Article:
Make the most of your references
Learn to utilise photos in a brand new way with Miles Johnston, who successfully transforms his grandmother into a young fantasy figure
Miles Johnston turns his grandmother young again.
For me, working from imagination is always the end game. I find it the most enjoyable aspect of painting and I believe it enables you to express yourself the most openly. However, we’re all human and sometimes a lack of technical knowledge can hold back a painting’s potential.
This is when it can be a good idea to use a reference image, to inject fresh information into the way you solve issues and to inspire new creative choices – without ever resorting to direct copying. I’ve taken a liking to practising this principal by shooting reference pictures that are totally unrelated to the subject I’m painting.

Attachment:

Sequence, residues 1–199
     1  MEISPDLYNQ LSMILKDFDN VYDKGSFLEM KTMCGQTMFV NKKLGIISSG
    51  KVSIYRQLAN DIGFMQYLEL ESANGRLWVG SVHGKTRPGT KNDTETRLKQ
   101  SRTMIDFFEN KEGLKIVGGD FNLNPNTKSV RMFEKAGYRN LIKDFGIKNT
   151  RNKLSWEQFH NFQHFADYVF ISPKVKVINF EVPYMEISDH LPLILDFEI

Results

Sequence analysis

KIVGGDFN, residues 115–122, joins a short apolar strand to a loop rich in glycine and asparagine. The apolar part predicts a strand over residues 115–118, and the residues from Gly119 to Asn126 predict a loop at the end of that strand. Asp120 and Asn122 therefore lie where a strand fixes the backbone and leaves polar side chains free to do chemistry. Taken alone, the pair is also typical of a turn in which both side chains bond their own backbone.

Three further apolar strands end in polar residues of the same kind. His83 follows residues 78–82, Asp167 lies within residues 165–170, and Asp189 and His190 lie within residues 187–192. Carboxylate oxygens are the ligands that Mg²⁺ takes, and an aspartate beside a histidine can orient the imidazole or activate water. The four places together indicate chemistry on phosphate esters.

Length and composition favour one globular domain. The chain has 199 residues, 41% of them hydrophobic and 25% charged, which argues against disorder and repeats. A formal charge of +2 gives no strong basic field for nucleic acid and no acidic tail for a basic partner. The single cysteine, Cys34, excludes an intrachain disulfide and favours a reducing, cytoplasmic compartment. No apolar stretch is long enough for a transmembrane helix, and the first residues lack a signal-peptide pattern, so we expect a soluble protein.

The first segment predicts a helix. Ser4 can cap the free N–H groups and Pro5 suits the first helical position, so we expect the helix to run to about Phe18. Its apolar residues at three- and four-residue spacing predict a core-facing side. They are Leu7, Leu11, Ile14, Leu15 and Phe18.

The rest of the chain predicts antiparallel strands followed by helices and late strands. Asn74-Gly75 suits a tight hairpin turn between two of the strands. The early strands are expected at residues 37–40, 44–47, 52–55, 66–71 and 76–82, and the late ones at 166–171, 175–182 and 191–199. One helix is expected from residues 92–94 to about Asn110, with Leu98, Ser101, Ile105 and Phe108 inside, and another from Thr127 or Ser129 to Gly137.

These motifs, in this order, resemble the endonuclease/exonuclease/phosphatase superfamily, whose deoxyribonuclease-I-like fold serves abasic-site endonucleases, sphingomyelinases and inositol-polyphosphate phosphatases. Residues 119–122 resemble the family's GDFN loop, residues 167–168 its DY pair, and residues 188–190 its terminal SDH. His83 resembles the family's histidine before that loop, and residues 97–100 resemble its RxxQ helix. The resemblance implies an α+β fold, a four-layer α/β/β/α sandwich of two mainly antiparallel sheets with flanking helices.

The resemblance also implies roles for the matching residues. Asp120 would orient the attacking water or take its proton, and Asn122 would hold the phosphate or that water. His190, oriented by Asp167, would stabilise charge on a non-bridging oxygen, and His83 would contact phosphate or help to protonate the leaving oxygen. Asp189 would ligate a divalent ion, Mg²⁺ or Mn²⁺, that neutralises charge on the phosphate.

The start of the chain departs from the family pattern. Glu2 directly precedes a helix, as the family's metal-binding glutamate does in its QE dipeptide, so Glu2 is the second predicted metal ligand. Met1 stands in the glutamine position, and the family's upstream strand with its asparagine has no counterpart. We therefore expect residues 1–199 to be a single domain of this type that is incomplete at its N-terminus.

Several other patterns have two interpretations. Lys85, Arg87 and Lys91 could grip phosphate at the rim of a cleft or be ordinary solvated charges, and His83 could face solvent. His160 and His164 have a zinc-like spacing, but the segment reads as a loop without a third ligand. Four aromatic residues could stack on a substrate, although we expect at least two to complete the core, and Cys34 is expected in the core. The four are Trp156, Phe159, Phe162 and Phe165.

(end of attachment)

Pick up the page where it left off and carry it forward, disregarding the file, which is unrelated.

I use information from the reference picture, such as the structure, values, colours or textures, to inform the way I paint an image. I try to make these decisions intuitively, trusting my gut for what I want to take from the picture and what’s unimportant. I find this approach enables me to come up with results that are radically different from the original photograph and still flavoured with my own personal tastes, avoiding that obviously photo-referenced look.
To demonstrate this idea, I have taken some photographs of my grandma wearing a hat from a Christmas cracker, and I’m going to paint a young elf based on information in the photograph and my own imagination. I suggest trying the same yourself. Especially if you find it difficult to draw from imagination, this might act as a useful exercise.